What ISO to use with T3i
Posted 04 April 2013 - 11:20 PM
Posted 04 April 2013 - 11:28 PM
I believe that for most 14bit ADC cameras (such as the T3i) that point was at about ISO400.
(For many 12bit cameras such as my XT/350D and XS/1000D it is closer to ISO1600.)
Posted 04 April 2013 - 11:37 PM
I use a Canon 60Da and from what I understand after months of reading and studying about optimum ISO settings, cause and effect, the earlier Canon DSLR cameras produce lowest noise and greatest dynamic range at ISO-1000, the later models such as the 60Da produces lowest noise and greatest dynamic range at ISO-200... I'm not sure what the major reason for the difference, whether it is the newer sensor, the Digic 4 processor and later, benefiting from the lower ISO, or both together...
And there is a usable range of half to double the ideal ISO that is usable with relatively low noise and high dynamic range slightly less than ideal... With my EOS 60Da, I use 100 to 800 but try to stay on either 200 or 400 and adjust exposure time to compensate image brightness as needed... By keeping the ISO constant for a session makes adding dark frames that match ISO much easier at the end of a session, you are not having to make several sets which is time consuming when you want to get wrapped up and the gear put away...
Posted 04 April 2013 - 11:38 PM
Just brace yourself for info-overload before clicking the link.
Posted 05 April 2013 - 12:22 AM
Posted 05 April 2013 - 07:32 PM
Posted 05 April 2013 - 09:03 PM
1600, 1600 and 1600, and if not good(burned) ---> HDR
Posted 07 April 2013 - 08:21 PM
Posted 07 April 2013 - 10:12 PM
I can crank up the gain higher than the 400 I was using. At 400 my histograms and images seemed weak.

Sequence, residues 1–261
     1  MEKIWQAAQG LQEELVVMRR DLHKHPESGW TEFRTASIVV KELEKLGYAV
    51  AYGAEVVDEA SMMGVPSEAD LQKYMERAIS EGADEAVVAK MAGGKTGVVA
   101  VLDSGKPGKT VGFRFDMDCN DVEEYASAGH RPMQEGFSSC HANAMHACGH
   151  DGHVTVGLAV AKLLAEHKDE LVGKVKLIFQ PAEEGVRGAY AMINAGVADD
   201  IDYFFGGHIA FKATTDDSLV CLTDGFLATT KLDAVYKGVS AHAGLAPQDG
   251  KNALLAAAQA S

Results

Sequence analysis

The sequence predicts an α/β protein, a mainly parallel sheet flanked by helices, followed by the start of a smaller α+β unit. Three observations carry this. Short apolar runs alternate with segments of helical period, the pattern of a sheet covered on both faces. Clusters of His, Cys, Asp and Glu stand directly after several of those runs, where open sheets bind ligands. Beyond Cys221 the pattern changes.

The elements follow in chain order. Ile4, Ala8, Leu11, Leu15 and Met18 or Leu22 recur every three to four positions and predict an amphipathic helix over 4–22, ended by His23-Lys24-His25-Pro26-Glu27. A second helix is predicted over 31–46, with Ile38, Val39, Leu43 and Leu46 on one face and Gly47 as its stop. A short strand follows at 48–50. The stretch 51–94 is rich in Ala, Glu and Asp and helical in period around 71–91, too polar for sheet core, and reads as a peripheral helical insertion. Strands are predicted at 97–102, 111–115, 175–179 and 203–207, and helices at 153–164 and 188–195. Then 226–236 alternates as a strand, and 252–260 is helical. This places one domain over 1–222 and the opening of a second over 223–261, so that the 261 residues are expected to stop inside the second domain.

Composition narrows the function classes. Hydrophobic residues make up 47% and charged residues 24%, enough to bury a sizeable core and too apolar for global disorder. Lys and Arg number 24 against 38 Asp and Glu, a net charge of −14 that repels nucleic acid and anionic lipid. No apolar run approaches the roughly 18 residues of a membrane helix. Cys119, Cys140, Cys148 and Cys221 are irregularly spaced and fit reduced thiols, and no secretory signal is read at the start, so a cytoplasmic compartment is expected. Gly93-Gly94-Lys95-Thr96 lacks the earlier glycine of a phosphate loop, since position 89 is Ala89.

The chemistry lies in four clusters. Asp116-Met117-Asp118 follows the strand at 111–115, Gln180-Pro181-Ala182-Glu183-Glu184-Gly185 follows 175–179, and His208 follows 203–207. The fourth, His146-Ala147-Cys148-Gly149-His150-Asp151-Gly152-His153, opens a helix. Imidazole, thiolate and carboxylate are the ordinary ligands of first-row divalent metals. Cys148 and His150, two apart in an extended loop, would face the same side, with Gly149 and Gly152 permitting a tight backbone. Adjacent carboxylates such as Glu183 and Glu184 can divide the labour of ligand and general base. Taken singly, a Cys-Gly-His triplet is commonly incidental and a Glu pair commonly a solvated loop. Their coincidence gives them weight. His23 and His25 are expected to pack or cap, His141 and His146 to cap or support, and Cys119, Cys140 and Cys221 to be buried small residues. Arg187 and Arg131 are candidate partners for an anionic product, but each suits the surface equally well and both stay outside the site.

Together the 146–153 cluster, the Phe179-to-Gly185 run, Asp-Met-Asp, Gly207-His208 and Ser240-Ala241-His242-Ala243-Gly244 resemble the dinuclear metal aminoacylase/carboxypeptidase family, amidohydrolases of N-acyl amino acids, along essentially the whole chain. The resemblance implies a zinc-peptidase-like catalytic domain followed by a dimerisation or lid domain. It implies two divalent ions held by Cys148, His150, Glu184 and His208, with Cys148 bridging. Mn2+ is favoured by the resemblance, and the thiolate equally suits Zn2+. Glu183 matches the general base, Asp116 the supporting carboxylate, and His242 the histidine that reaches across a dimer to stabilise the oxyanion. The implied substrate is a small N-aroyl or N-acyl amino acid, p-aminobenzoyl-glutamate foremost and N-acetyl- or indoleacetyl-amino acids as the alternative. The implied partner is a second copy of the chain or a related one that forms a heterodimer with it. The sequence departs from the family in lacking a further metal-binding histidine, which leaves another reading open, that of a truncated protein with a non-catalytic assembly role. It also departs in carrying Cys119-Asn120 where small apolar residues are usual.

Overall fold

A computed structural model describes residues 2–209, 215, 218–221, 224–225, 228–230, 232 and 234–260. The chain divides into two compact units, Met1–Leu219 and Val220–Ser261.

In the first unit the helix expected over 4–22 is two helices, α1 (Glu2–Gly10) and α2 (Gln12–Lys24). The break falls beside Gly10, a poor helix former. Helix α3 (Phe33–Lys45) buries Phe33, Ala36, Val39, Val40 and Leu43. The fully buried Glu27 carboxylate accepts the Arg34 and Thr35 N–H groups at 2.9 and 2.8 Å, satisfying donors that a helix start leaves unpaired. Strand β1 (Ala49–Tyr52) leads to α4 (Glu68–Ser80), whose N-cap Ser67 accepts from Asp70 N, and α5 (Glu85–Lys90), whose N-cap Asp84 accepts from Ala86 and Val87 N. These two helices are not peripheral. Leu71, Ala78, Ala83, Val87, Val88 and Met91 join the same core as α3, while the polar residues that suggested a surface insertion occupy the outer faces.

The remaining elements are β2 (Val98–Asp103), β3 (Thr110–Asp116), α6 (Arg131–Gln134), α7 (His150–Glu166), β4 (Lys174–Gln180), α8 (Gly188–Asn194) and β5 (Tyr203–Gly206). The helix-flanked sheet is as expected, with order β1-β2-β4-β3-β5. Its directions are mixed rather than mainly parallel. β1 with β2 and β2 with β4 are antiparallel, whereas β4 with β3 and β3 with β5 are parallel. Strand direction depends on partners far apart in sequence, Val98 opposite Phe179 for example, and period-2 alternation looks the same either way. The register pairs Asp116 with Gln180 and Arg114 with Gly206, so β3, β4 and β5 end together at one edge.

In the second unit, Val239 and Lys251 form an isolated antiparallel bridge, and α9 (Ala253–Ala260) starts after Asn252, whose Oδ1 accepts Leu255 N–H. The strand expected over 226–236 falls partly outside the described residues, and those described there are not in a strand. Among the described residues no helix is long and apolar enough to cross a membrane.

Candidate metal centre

Agree; you may start with 800 and go from there. Another important factor is whether you'll be modifying your T3i or not.
Last but not least, if you have budget and/or if you are able to return T3i, consider getting 60Da... instead for both astro and day imaging. Thx
Posted 08 April 2013 - 11:16 PM
Posted 09 April 2013 - 04:08 AM
Posted 09 April 2013 - 09:36 AM
I could have used this some time ago, I started shooting with my XTi at ISO 1600 and when I upgraded to a 7D last year, bit into the bigger is better and shot at ISO 6400. BIG MISTAKE! I shoot at ISO400 now and it seems better. I have questions that I'll put into another thread.
Posted 09 April 2013 - 01:07 PM
If I am reading the unity gain charts right, my 7D would gain should be at ISO 1000 ??
Actually that is the unity gain scaled to 12bit. The 7D has 14bit ADC however. Roger Clark *has* tested the 7D and the results are listed on a separate page (page found here). 14bit unity gain for the 7D is "ISO 246" according to his tests. The dynamic range numbers and read noise numbers would leave me to say ISO400 or ISO800 are still the best bets. The sample read noise/bias images certainly demonstrate how much higher the read noise is at ISO200 and below!
Posted 09 April 2013 - 01:17 PM
Everything looks very linear for the Canon cameras that have been mentioned here. Therefore, I would think that your tracking/guiding time and light pollution would be the biggest factor.
Just take exposures for as long as your mount can accurately guide or track and then select an ISO that just begins to show the sky glow.
Posted 09 April 2013 - 01:37 PM
Posted 09 April 2013 - 04:11 PM
Posted 10 April 2013 - 09:41 PM
Read noise: 15.98
Full well: 36184
Dynamic range: 2265
Read noise: 8.77
Full well: 18830
Dynamic range: 2148
Read noise: 5.11
Full well: 9406
Dynamic range: 1840
Read noise: 3.59
Full well: 4612
Dynamic range: 1283
Read noise: 2.69
Full well: 2320
Dynamic range: 863
Read noise: 2.54
Full well: 1098
Dynamic range: 433
This shows that at ISO 400 gain is around 0.57, and at ISO 200 1.15 with very low read noise values, which are similar to more expensive dedicated astro ccd cameras, but with much lower full well capacity because of the 14-bit converter. So, those are the values where the dynamic range is maximum is around ISO 200 and 400. Craig has an interesting article on that here .